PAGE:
Become our fan on Facebook Follow us on Twitter
|
Home Buying Help – Money Management Tools – Home Decorating Ideas – Free Recipes

How to Get Rid of Soap Scum

Photo: EMI Interior Design

Nobody wants to peer into their tub and see that gross (and all-too-common) film known as soap scum. But hey, we all get it, and unfortunately, it’s a major pain to get rid of, especially if you rely on the ol’ bleach and scrub brush method. But with these tricks, getting rid of that nasty ring around your tub will be a lot less painful.


Borax
Good old Borax. It may have a less than pleasant scent, but man does it do the trick. To use: Wet the entire tub, grab the Borax and an acrylic bath sponge (so you don’t scratch or damage your tub), and start scrubbing. Want a more natural alternative? Try Shaklee’s Scour Off Heavy Duty Paste. (We’re big fans.)


Ammonia Solution
It may not be anything fancy, but ammonia works wonders on soap scum. Of course, you can also use any store-bought soap scum cleanser you come across, but going with what you’ve already got in your cabinets is often the easiest (and cheapest) route to choose. To use: Fill an empty spray bottle with one cup of ammonia and two cups of water to dilute it. Spray it on your tub and let it sit for a few minutes -- it will start breaking up the scum on its own. Then grab a towel or rag and start wiping it all away. After you’ve wiped the tub clean, run a hot shower for five minutes to rinse out the tub and get rid of any traces of ammonia. Note: When using ammonia, be sure to wear gloves and open nearby windows (or turn on the bathroom vent fan) to remove fumes.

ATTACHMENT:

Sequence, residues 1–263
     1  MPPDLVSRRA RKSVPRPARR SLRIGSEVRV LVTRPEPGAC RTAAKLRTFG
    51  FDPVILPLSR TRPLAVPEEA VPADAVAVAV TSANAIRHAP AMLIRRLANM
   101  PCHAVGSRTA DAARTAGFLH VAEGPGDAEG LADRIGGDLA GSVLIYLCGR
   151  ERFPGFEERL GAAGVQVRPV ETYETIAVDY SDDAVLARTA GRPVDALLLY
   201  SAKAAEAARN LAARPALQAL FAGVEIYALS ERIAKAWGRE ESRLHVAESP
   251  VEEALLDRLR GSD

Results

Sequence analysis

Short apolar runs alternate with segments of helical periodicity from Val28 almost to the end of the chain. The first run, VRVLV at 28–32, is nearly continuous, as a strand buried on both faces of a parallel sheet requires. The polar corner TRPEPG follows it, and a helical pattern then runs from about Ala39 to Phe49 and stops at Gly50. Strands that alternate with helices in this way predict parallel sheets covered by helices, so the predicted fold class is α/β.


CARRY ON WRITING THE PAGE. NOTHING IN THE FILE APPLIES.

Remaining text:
Vinegar Solution
No ammonia in the house? Not a problem. Grab some vinegar, pour two cups of it into a measuring cup, and microwave it until lukewarm. Then pour the solution into a spray bottle and spray it directly on the soap scum. Just like the ammonia solution, let this one sit for two minutes while it breaks up the soap scum. Then wipe it dry with a towel and run a hot shower to rinse the tub. Then get a large cup, fill it with hot water, and pour it over any spots that the shower may not have been able to rinse. Repeat several times.

-- The Nest Editors